While smoke detectors often have recommended spacing of 30 feet (identified in manufacturer's product data), spacing 30-feet on center is not the only way to space smoke detectors. NFPA 72 offers two methods for spacing smoke detectors on smooth ceilings:
The first method is simply to provide detectors at their listed spacing (often 30 feet), center-to-center, and within half the distance (which is 15 feet) to walls. [NFPA 72 2002 18.104.22.168.3(A-B), 2007 22.214.171.124.3.1-.2, or 2010-2016 126.96.36.199.1(1)]
The second, often lesser-known method, is to provide smoke detectors such that all points on the ceiling are within a distance of 0.7 times the listed spacing, or less [NFPA 72 2002 Section 188.8.131.52.3(E), 2007 184.108.40.206.3.5, or 2010-2016 220.127.116.11.1(2)].
Applying the Method
In practice, this simply results in drawing a 21 foot circle (0.7 x 30-foot spacing = 21 feet) around each detector and making sure that every point on the ceiling is covered. On site, it would simply result in making sure every spot on the ceiling is within 21 feet of a smoke detector.
This second method becomes important for complex room configurations, long and narrow corridors, or as a way to simply provide smoke detectors at their most efficient coverage.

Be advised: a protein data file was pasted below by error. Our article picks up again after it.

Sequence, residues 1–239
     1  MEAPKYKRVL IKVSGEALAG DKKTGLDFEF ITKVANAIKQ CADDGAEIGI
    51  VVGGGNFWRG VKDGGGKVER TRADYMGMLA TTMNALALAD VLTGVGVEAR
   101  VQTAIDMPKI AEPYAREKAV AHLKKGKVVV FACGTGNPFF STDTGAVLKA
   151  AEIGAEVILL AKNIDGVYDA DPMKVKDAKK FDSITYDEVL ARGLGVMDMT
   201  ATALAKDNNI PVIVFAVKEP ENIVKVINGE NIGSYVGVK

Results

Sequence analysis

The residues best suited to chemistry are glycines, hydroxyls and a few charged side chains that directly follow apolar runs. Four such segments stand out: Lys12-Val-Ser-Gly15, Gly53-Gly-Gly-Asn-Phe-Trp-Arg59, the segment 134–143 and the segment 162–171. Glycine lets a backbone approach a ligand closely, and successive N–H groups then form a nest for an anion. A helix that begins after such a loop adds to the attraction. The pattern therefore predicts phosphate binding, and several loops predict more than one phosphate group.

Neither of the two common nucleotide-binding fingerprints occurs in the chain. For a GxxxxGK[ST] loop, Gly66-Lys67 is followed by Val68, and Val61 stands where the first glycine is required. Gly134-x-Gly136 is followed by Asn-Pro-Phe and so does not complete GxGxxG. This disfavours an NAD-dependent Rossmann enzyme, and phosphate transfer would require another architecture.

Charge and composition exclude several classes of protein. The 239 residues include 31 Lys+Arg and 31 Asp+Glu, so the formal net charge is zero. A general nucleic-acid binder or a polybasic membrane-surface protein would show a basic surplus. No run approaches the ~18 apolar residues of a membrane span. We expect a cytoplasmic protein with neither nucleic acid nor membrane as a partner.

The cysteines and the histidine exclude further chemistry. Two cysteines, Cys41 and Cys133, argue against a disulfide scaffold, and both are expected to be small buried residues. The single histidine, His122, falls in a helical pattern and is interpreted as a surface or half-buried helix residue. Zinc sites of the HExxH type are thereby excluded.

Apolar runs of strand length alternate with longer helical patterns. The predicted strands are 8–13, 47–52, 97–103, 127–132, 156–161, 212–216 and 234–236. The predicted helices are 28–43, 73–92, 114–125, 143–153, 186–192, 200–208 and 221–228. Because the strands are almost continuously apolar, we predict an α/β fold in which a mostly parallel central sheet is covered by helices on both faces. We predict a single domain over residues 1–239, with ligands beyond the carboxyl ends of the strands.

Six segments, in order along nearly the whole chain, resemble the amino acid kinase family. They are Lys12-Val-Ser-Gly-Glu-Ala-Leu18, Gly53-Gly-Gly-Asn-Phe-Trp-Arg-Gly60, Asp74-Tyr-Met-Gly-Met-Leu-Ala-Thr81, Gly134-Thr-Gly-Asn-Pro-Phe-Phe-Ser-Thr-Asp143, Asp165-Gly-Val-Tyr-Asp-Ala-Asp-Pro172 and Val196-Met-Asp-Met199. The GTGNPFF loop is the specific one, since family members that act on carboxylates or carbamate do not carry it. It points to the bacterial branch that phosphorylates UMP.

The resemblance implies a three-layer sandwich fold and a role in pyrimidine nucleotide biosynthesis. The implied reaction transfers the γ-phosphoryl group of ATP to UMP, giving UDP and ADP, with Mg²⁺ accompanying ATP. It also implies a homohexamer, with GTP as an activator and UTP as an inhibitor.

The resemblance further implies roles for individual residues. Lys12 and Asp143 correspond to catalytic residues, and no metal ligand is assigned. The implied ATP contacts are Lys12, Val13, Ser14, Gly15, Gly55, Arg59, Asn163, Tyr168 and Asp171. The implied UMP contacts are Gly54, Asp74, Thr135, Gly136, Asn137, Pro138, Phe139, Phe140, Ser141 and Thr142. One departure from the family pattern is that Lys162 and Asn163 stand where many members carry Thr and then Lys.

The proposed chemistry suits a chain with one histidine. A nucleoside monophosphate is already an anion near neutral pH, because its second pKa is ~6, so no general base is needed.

A corridor which is 100-feet long and 10-feet wide, for instance, would require 4 smoke detectors under their listed spacing (30-feet spacing on center and 15-feet to the corridor ends). Using the second spacing method allowed by NFPA 72, these smoke detectors can be spaced nearly 41 feet center-to-center, requiring only 3 smoke detectors to be used.
Using the Second Method
Fundamentally, the theory is that smoke production will fill a ceiling based on the area of the ceiling. For a long, narrow corridor, smoke will be limited in it's spread in the narrow dimension, forcing travel down the corridor. As a result, smoke detector response time is dependent upon the amount of area the detector covers, not necessarily the spacing between detectors.
Matching smoke detector layouts to the nature of smoke transport and this code allowance could result in a simpler approach and often the need for less smoke detectors overall.
Not subscribed to get posts like this? Subscribe here for our free Weekly Posts.
We are very excited to announce that we are launching new platform for Daily Discussion!
Starting Monday of next week, we will anonymously post open ended-questions that you submit. The technical questions will be distributed to our active community just as the PE Problems are now, and anyone willing to share their expertise will be invited to partake in the discussion. Our hope is that over time we provide opportunities for experts around the country and around the world to weigh in on and learn from the active discussions surrounding the daily questions.